This survey is designed for Indigenous owned businesses and entrepreneurs

The BC Assembly of First Nations (BCAFN) is a political-territorial organization representing all 203 First Nations in British Columbia with a mandate to:
  • Advance the rights and interests of First Nations people in British Columbia;
  • Restore and enhance the relationship among First Nations people in British Columbia, the Crown, and the people of Canada;
  • Develop and promote policies and resources for the benefit of First Nations people in British Columbia including, but not limited to, economic, social, education, health, and cultural matters; and,
  • Work in coalition with other organizations that advance the rights and interests of Indigenous People.
To this end, the Sustainable Economic Development and Fiscal Relations Strategy is a multi-year initiative undertaken by the BCAFN to support Indigenous communities in British Columbia in their economic pursuits by delivering timely and relevant information, building capacity through education, and creating windows of business and economic opportunity through ongoing advocacy.

As part of the Sustainable Economic Development and Fiscal Relations Strategy, and building on the Governance Toolkit – A Guide to Nation Building, undertaken by former Regional Chief Jody Wilson-Raybould, the BCAFN is developing an Economic Development Toolkit, or “Black Books”. The Black Books will provide information and tools for Indigenous communities, governments, and entrepreneurs to grow a First Nations economy in their communities.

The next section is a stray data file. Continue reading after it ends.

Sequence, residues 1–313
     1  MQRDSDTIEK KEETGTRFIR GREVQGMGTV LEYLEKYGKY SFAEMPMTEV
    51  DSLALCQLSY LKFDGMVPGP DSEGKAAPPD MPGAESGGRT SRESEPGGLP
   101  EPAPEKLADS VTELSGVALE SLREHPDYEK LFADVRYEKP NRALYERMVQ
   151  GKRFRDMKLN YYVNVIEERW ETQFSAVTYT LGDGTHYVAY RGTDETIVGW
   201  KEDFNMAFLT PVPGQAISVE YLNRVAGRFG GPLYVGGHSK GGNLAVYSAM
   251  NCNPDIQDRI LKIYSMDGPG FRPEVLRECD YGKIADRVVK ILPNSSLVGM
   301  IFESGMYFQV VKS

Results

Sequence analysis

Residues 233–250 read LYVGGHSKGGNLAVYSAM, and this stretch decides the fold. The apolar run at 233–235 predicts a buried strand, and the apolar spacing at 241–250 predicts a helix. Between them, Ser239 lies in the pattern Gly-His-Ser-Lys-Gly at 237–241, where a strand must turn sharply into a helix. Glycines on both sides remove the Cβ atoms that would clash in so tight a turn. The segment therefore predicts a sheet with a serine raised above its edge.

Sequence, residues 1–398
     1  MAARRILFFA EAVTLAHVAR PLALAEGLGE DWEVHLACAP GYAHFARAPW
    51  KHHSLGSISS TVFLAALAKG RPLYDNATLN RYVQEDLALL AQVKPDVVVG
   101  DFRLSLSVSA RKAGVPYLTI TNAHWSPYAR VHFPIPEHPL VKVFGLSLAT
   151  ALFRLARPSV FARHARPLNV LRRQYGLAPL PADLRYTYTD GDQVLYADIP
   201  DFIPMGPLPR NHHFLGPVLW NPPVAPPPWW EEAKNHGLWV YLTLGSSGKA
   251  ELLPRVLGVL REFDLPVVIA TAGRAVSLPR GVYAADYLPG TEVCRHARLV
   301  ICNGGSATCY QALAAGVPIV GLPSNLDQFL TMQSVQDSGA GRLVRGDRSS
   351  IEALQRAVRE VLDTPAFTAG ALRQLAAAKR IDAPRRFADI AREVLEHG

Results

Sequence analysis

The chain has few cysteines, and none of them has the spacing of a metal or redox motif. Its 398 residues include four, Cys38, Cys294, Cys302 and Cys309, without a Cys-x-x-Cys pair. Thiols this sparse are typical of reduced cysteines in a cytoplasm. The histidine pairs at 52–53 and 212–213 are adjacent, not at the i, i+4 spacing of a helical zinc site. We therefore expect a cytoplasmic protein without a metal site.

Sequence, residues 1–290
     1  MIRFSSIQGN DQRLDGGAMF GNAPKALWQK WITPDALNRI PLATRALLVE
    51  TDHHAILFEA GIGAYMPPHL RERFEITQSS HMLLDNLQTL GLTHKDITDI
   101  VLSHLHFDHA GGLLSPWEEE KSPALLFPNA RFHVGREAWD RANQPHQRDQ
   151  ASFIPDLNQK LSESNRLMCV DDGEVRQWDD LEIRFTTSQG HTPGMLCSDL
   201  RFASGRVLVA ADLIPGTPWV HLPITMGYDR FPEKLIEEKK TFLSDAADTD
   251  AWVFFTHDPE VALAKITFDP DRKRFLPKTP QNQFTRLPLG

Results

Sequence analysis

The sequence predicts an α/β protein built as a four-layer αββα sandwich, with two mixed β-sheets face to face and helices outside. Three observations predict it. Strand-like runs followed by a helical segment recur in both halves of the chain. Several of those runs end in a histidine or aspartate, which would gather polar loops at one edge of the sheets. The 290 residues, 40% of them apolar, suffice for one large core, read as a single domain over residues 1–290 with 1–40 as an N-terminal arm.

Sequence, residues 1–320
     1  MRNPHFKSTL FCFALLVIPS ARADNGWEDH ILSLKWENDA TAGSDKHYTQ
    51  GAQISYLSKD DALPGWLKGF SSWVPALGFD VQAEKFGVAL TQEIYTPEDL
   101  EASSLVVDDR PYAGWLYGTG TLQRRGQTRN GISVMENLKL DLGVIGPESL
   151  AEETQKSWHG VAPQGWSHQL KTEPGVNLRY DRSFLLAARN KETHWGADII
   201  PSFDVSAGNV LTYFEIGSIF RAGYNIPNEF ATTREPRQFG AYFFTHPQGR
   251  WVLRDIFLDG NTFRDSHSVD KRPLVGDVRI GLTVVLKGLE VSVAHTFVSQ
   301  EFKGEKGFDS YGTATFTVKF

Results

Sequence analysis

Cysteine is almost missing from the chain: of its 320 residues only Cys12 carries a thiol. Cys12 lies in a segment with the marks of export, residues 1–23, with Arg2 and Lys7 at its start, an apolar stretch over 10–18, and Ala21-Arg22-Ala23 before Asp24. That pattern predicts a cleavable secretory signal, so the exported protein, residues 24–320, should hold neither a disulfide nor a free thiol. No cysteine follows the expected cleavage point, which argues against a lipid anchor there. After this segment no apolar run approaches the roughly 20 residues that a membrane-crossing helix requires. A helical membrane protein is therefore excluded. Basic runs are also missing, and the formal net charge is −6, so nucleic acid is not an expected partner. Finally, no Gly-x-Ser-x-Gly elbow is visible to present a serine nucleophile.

The objective of this survey is to gather relevant input from those who are working on-the-ground in Indigenous communities to be integrated into the Black Books. Gathering this information will ensure that the Toolkit is relevant, contemporary and useful.

Your Answers: Please enter an answer for each row of the survey. If you feel more explanation is needed the 'other' section of each question is available for written answers. The answers provided on the scale are weighted as:

Not at all (0 points)
Maybe, but not sure (1 point)
Yes, somewhat agree (2 points)
Definitively agree (3 points)

Please Note: that the data collected will be kept anonymous and confidential unless express permission is given by the survey participant to use information with proper attribution (see last 2 questions of survey).  If permission is granted, information from individuals will not be attributed as coming 'on behalf of' a Nation but may identify the individual as belonging to or working for a Nation.

* 1. map

Which BC Economic Development Region does your Nation fall under?

* 2. Is your Nation in a rural or urban setting? Or both?

* 3. Which First Nation are you a part of?

* 4. Why are you in business, or planning to go into business?

  Not at all Maybe, but not sure Yes, somewhat agree Definitely agree
Create a job for myself